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"Sister Site" Partnership Established Between Papahānaumokuākea and Kiribati's
Phoenix Islands MPA

View from the Phoenix Islands. Photo: David Obura
On Wednesday, September 23 in New York, two of the world's largest marine protected areas announced a historic alliance to to better protect and manage almost 300,000 square miles of marine habitat in the Pacific Ocean.

The United States and the Nation of Kiribati signed an agreement on Setpember 23 in New York that establishes a "sister site" relationship between the Papahānaumokuākea Marine National Monument, located in the Northwestern Hawaiian Islands, and the Phoenix Islands Protected Area near the equator in the Republic of Kiribati. Managers of both sites will meet in November in French Polynesia to formalize the agreement. The Monument is managed by the Office of National Marine Sanctuaries (ONMS), on behalf of NOAA, in partnership with the U.S. Fish and Wildlife Service and the State of Hawaii. Combined, the two sites encompass 25 percent of all marine protected areas on Earth. The partnership links the sites and is designed to enhance management knowledge and practices for these tropical and subtropical marine and terrestrial island ecosystems.

The Phoenix Islands. Photo: David Obura
When it was established in 2006, the Monument was the largest marine protected area in the world, protecting natural, cultural and historic resources within an area of approximately 140,000 square miles (362,075 square kilometers). The monument's extensive coral reefs are home to over 7,000 marine species, one quarter of which are found only in the Hawaiian Archipelago.

In 2008, the Phoenix Island Protected Area was founded to protect the archipelago's terrestrial and marine resources, becoming the largest marine protected area in the world today at approximately 158,500 square miles (410,500 square kilometers). The coral reefs and bird populations of the islands are highly unique and virtually untouched by humans. The protected area also includes underwater seamounts and other deep-sea habitat.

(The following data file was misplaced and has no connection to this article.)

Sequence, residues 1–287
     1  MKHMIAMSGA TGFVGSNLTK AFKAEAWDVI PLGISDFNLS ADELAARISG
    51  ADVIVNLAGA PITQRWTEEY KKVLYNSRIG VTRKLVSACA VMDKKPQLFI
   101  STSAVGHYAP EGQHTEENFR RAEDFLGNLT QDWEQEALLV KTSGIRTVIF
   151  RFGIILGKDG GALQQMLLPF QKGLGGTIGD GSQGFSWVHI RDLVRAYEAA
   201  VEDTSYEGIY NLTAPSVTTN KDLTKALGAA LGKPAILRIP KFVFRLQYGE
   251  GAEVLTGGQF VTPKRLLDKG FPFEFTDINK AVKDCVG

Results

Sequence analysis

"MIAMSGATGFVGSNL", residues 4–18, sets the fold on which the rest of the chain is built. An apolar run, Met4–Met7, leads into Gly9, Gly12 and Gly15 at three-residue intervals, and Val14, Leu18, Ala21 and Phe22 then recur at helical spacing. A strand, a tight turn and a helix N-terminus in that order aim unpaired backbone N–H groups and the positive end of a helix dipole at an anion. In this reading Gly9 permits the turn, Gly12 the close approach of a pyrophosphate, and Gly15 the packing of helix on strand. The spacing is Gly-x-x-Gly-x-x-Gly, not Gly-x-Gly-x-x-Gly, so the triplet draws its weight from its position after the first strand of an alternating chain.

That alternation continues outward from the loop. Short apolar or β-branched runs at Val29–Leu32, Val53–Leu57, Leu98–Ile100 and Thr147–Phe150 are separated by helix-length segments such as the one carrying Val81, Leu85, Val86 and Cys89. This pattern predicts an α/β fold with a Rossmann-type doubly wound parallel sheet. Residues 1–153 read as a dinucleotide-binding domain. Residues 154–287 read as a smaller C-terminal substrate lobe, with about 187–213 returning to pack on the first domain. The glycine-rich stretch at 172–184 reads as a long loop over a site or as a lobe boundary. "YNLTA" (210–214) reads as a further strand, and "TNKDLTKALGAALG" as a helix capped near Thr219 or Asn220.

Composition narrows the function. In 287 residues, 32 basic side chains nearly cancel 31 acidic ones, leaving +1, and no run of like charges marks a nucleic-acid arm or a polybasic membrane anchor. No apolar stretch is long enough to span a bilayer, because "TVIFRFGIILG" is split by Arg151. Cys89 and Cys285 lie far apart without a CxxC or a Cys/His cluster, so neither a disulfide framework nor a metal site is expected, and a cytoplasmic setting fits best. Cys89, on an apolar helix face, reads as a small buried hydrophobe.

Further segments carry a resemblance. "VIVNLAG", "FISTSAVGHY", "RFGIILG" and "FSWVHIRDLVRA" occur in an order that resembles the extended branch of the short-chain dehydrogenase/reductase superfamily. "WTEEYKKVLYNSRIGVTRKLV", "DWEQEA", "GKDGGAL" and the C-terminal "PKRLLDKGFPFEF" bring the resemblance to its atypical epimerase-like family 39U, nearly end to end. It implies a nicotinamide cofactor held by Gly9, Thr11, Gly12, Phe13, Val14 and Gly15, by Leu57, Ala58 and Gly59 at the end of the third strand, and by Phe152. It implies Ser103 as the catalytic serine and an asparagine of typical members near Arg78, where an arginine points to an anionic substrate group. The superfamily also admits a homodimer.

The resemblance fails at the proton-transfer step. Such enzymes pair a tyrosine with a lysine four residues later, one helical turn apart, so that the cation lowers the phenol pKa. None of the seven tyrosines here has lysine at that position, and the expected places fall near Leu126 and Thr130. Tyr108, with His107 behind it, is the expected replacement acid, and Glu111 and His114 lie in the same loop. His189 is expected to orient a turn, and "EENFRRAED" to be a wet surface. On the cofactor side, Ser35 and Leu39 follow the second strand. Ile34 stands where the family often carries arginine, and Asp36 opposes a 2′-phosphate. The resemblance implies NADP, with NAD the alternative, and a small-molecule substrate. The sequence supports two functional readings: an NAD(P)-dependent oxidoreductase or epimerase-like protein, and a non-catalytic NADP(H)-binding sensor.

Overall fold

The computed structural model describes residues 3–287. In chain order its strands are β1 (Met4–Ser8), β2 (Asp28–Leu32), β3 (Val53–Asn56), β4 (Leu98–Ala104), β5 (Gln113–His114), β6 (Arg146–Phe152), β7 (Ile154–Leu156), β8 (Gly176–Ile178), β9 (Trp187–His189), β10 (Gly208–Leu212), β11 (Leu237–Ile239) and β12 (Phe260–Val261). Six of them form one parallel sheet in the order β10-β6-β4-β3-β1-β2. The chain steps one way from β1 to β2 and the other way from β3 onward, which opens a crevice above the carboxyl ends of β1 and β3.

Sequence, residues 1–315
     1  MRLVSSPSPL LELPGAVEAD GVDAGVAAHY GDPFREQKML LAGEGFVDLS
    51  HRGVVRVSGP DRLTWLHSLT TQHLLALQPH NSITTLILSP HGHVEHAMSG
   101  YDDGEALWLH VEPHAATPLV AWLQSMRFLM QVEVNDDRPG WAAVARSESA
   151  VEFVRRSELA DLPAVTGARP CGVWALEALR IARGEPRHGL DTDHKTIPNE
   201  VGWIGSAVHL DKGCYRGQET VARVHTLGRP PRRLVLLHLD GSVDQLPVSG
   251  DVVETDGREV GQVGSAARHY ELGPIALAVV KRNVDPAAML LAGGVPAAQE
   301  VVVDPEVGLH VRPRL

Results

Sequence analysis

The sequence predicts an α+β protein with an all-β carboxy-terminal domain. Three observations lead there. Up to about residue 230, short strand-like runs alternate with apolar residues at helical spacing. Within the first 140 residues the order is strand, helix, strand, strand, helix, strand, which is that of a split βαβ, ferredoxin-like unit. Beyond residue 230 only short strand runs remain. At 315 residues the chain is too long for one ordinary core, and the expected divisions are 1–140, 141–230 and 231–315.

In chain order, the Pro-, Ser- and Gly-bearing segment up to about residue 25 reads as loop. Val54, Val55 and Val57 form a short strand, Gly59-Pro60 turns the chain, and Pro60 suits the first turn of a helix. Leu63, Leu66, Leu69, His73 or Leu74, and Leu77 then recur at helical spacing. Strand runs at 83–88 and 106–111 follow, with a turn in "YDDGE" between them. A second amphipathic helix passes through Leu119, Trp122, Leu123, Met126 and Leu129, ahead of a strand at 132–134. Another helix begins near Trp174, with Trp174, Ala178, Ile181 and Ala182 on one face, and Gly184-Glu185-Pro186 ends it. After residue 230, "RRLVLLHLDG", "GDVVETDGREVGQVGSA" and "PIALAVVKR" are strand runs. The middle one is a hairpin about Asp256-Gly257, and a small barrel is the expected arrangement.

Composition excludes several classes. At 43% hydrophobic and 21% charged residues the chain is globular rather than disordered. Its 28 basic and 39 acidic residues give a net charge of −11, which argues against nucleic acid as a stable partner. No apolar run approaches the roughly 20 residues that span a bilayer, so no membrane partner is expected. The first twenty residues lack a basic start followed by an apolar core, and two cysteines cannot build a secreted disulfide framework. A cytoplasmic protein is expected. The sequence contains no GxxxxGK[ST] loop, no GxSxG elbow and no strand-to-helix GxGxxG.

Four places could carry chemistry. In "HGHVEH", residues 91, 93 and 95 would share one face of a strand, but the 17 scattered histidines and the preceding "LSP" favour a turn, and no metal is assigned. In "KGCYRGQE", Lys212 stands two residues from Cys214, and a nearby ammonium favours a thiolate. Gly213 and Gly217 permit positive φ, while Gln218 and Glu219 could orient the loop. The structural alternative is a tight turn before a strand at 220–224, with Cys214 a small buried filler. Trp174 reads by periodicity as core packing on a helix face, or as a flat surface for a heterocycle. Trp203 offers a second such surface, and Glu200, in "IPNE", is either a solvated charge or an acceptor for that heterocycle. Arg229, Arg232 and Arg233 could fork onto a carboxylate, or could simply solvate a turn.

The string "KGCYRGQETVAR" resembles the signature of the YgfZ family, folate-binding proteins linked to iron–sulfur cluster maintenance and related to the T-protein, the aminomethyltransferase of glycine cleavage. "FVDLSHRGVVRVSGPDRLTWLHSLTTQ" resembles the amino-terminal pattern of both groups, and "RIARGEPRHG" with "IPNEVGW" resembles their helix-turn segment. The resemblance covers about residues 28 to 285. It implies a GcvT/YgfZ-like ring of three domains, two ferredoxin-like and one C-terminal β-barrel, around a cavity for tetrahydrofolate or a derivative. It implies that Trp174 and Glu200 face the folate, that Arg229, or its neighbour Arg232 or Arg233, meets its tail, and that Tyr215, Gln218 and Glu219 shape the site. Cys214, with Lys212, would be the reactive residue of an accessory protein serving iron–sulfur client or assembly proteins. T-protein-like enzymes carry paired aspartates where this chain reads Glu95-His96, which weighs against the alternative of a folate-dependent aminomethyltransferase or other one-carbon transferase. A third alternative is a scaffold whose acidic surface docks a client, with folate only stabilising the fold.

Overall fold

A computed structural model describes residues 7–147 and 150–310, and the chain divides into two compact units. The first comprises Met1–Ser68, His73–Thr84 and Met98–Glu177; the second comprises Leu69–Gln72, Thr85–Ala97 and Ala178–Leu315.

Coral found in the Phoenix Islands. Photo: David Obura
"Our sites are part of a growing trend globally in ocean protection - the establishment of large-scale marine protected areas,' said 'Aulani Wilhelm, ONMS's superintendent for the Monument. "By partnering, we hope to collaborate on innovative initiatives highlighting not only the ecological connections we share, but also Pacific heritage and cultural connections we have as island people across Oceania."

Removed from most human activity, both areas serve as global "sentinel sites" by providing potential early warning and a comparative baseline of understanding of how natural, less disturbed systems react to changing climate conditions and external influences. Although geographically distant from their respective local population centers, both sites are supported by and rely on involvement of local and indigenous communities to develop successful management regimes. Both sites were nominated this year by their respective governments as World Heritage Sites, a designation of the United Nations Educational, Scientific and Cultural Organization.

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